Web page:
On Oct. 17, a barred owl code-named 2022-0560 was released into the wild in DeLand after three weeks in rehabilitation.
The owl had been rescued Sept. 26 by a law-enforcement officer and sent to the Audubon Center for Birds of Prey in Maitland, after he was likely hit by a car at the intersection of State Road 44 and Kepler Road.
Since the bird was rescued at the busy intersection near Lake Winnemissett, Audubon Center volunteer Cameron Couvillon — toting the barred owl in a cardboard animal taxi — found a quiet, wooded area nearby on Lake Winnemissett Drive to release the owl around 7 p.m. that rainy Monday night.
This reporter was warned not to stand right in front of the bird’s animal taxi when it opened, in the event that 0560 flew straight out. However, when Couvillon opened the box, the bird rested for a few moments — long enough for observers to snap a few photos — and examined its surroundings before it spread its wings and flew into the trees.
Couvillon had to tip the box a bit to encourage the previously injured bird to take flight.
The barred owl is just one of around 700 birds from across Florida that are admitted to the Raptor Trauma Clinic every year. The barred owl’s name means it was the 560th bird brought to the center in 2022.
Of that 700, some 30 to 50 come annually from Volusia County. So far in 2022, the center’s total number of birds is down some, but, with more than two full months remaining this year, the clinic has already taken in around 50 birds from Volusia County.
As its name suggests, the Audubon Center in Maitland specializes in birds of prey like owls, falcons, eagles and hawks. These birds can be dangerous, and they require lots of space, so the team is composed of volunteers and staff members who have plenty of experience taking care of them. There is also plenty of room at the center at 1101 Audubon Way in Maitland for birds to relearn how to fly in a safe place.
It also means the center can take in birds from all over the state, from Jacksonville to Miami.
“There are a lot of rehabbers in the area, but a lot of them specialize in general wildlife or mammals,” Couvillon said.
Birds that end up at the Audubon Center come for a variety of reasons.
“A lot of birds we get are just babies who fell out of the nest, or their nest was destroyed,” Couvillon told The Beacon. “We’ll get a lot of man-made causes of injuries — birds get hit by cars or they run into a building. Those are pretty common.”
BEACON VIDEO/NOAH HERTZ
The owl is a blue as it takes off into the woods near Lake Winnemissett in DeLand.
Couvillon, who lives in DeBary, has helped out at the center as an intern, volunteer and staff member for around a year-and-a-half. In that time, he’s seen less-common injuries, too, like an osprey whose feathers had been singed by a methane fire. While most birds who are released back into the wild stay, on average, around a month at the center, that osprey has to stay for at least a year so he can molt and regrow his damaged feathers.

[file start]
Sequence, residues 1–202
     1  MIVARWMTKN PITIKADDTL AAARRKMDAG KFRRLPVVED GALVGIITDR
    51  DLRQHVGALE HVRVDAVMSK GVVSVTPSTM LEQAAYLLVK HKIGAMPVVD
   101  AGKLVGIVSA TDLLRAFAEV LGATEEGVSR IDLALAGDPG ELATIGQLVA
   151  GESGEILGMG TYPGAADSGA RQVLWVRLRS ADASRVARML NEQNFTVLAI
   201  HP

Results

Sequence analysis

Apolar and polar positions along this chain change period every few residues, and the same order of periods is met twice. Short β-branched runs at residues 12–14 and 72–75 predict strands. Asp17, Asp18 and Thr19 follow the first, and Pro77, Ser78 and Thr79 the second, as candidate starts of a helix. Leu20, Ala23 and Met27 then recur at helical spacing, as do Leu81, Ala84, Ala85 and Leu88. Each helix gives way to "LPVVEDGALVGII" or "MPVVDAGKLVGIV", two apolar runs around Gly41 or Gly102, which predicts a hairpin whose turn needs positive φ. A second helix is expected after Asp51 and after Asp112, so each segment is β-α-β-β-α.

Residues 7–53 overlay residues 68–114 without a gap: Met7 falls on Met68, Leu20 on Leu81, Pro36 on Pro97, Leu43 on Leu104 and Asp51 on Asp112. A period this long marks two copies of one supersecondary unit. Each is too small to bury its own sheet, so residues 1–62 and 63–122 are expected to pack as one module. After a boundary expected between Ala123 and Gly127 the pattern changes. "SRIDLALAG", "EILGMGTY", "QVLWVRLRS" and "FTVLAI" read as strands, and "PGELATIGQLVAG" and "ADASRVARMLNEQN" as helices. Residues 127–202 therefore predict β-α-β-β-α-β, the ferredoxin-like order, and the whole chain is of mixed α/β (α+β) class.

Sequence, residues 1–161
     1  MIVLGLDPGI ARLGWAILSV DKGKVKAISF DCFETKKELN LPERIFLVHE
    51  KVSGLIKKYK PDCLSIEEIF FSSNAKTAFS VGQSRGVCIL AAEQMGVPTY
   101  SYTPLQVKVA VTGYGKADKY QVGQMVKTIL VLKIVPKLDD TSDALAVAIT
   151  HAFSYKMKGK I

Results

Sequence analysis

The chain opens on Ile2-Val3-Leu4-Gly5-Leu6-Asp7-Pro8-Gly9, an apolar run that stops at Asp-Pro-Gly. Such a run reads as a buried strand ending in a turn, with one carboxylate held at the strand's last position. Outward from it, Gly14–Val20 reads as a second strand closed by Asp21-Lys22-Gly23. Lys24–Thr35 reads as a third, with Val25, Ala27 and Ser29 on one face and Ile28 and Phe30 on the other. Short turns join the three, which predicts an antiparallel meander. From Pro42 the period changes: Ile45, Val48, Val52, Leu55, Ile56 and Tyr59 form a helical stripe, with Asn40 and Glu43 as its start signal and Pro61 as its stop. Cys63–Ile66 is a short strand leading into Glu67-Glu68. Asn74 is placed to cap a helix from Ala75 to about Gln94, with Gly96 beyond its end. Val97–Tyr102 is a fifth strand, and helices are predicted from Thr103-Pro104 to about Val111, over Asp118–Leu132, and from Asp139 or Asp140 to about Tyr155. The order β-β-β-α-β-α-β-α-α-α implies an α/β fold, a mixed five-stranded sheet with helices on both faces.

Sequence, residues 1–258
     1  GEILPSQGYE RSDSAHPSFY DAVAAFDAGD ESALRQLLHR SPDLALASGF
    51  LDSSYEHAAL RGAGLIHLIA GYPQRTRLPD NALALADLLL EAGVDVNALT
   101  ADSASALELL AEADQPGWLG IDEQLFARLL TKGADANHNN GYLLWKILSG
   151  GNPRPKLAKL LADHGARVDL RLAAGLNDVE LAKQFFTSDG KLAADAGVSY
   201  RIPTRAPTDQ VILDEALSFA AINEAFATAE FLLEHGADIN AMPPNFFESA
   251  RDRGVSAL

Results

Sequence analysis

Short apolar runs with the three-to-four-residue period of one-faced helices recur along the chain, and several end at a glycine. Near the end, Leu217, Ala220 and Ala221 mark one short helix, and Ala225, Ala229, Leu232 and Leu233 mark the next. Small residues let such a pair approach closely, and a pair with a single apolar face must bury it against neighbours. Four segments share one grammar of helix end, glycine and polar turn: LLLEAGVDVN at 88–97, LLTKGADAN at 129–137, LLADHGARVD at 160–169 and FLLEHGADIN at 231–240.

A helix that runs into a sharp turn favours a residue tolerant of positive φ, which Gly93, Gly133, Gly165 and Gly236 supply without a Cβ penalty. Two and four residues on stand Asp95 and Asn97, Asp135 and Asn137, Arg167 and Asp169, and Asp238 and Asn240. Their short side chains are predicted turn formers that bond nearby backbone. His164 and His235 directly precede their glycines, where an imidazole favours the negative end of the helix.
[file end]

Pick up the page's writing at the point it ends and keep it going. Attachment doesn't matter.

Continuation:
In barred owl 2022-0560’s case, clinicians gave him some time and flight practice to ensure his head trauma hadn’t caused irreparable damage to his ability to function in the wild. They also made sure he could still hunt.
“Whenever they have head trauma or an eye issue,” Couvillon explained, “we’ll live-prey test them, where we put live mice out there and see if they can still hunt.”
Some birds aren’t so lucky as to be able to return to the wild. For example, birds that are rescued as babies and imprint on humans may become permanent residents of either the Center for Birds of Prey or another educational location.
The Center for Birds of Prey in Maitland has about 40 avian residents, many of whom visitors can meet on the center’s walking trail. Around 10 of those birds are glove-trained, too, Couvillon said, and serve as “bird ambassadors” on educational trips to places like schools.
The center isn’t like a veterinarian’s office, though. Rehabilitated birds aren’t delivered back to human families. They’re released into their natural habitats so they can go back to being wild animals.
“Just seeing a lot of the reasons the birds come in, and knowing a lot of it is from man-made issues —the fact we’re mitigating some of that is cool,” Couvillon said. “It gives the work I do a purpose.”
And while it can be hard not to get attached to the birds, Couvillon said, it’s easy to remember that, at the end of the day, you’re working with wild animals.
“I have a healthy respect for them and their many talons,” he said.
The Audubon Center for Birds of Prey, at 1101 Audubon Way in Maitland, offers public education and tours 10 a.m.-4 p.m. Tuesdays through Sundays.